KBR lays out 'multiple pathways for growth' in its government segment

Gettyimages.com / Filo

The company sees more opportunities and stability in its core business areas.

Over recent years, KBR has been glad to tout the acquisitions it has made to build an entirely new government business with much more of a technology and professional services bent than was there before.

KBR also has been glad to tout organic growth along the way, but now that appears to be top of its agenda with all those integrations in the rearview mirror.

During KBR's fourth quarter earnings call with investors Thursday, company executives laid out what they called the "multiple pathways for growth" for the government business both in the U.S. and abroad.

Their purpose for doing that was to present how KBR is pushing to meet or exceed its 2025 long-term targets it laid out for investors in March 2022: $9 billion in revenue on $925 million in profit. That translates to increases of 12-to-14% on both the top line and the bottom line on a compound annual basis.

For the government segment alone, KBR is pushing for CAGRs of 12%-to-14% in revenue and 10%-to-12% in adjusted EBITDA (earnings before interest, taxes, depreciation and amortization).

Houston-headquartered KBR ended 2022 on $6.5 billion in total revenue with $5.3 billion of that in government solutions and $4 billion in U.S. federal. Year-end adjusted EBITDA was $668 million for a bottom-line margin of around 10%.

Perhaps the largest program in KBR's government portfolio as part of that outlook is not even a 2023 item financially speaking.

KBR is the majority partner in HomeSafe Alliance -- a joint venture that has secured a potential nine-year, $20 billion contract to act as the U.S. military's lead management service provider for moving household goods. HomeSafe is tasked modernize the overall global relocation experience for uniformed personnel, Defense Department civilian employees and their families.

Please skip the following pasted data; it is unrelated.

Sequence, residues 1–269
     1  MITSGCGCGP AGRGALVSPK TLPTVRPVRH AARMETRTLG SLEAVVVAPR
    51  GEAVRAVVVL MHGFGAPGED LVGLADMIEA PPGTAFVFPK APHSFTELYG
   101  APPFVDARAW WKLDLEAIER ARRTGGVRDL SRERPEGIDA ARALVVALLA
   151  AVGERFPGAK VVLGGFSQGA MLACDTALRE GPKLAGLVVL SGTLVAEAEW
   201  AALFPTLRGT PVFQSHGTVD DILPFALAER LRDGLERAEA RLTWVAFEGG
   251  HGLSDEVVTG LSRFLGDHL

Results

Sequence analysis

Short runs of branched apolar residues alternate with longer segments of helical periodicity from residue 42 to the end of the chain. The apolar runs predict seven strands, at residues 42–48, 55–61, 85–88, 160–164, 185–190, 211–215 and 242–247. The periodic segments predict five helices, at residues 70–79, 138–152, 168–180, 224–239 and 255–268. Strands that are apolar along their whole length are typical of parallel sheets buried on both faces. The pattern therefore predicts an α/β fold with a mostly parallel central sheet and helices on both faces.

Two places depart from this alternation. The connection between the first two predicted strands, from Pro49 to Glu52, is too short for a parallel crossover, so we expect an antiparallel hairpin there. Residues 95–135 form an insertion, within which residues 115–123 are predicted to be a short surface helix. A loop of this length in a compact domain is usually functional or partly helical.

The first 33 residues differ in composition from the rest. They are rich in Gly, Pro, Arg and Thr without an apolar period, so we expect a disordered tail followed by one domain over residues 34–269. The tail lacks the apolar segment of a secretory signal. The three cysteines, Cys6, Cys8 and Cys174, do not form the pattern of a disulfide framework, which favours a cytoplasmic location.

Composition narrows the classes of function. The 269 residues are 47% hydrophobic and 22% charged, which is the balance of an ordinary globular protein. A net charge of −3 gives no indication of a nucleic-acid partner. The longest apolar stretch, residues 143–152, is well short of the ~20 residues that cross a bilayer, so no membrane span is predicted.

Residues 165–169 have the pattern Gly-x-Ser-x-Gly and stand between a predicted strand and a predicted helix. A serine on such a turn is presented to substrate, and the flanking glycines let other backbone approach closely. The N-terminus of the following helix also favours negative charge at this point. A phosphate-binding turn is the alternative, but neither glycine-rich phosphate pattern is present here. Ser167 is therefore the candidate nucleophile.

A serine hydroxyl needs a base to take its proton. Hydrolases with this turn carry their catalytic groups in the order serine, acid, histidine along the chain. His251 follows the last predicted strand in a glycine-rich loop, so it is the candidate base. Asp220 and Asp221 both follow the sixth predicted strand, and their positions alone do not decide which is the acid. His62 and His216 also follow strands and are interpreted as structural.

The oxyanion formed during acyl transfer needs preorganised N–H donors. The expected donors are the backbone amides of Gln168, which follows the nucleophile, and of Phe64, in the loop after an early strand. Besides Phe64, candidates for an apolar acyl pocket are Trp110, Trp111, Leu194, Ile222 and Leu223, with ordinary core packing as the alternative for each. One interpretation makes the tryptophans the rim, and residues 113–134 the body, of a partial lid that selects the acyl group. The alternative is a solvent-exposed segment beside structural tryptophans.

This year represents the transition period that runs for most of this year with the program slated to officially begin in the fall, KBR CEO Stuart Bradie told analysts. HomeSafe then ramps up its work in 2024, followed by what Bradie called "full cadence in 2025."

Space, defense, intelligence and science represent examples of the here-and-now regarding KBR's government business. That includes opportunities stemming from the so-called RDT&E budget -- research, development, testing and evaluation.

DOD's portion of that budget is around $144 billion for this current federal fiscal year, up 17% from those of FY 2022.

"Long-term RDT&E budgets relevant and accessible to KBR are up double digits, so key markets within this like Space Force are growing faster, which is being reflected in our ongoing growth," Bradie told analysts.

International aspects of KBR's government business also factor into their outlook, including U.S. federal work in overseas locations and support of allies. Bradie said the U.S.' operational tempo in Europe "has not slowed in the slightest" and "is set to continue again as we move into 2023," a year that still sees Ukraine defending itself against Russia.

Also on KBR's watch list is AUKUS -- the trilateral security arrangement between the U.S., U.K. and Australia their governments signed onto in September 2021.

The here-and-now of 2023 also includes the specter of a potential continuing resolution or even a government shutdown that contractors everywhere have to factor in, not unlike past years where the same situation arose.

Helping KBR to many extents is the fact that at least 70% of its work this year is on contract. KBR's initial guidance for 2023 has revenue in the $6.9 billion-to-$7.1 billion range on adjusted EBITDA of $715 million-to-$745 million.

"Mostly out of the U.S, we have multiple long-term contracts that are critical, and they continue, and we’ve seen this in previous CRs that they continue to be funded," Bradie said. "You stop operating the International Space Station and things like that.

"History has shown that it didn’t really impact the cadence of our performance so much. It was more a catch-up in cash, and which we managed as we went into the following year," Bradie added.

KBR enters 2023 with the same hope that every other company in the market has: government agencies picking up the pace on awarding major contracts. But KBR is also the latest company to report that its current book of business is where the growth is and that

."We do have some on-contract growth, but we are dependent on the big things coming to market, and those are a little harder to predict," Chief Financial Officer Mark Sopp said. "As others have said and experienced, the procurement decisions coming out of the government were not very strong during calendar 2022 across the board."

NEXT STORY: Telos adds pair to leadership team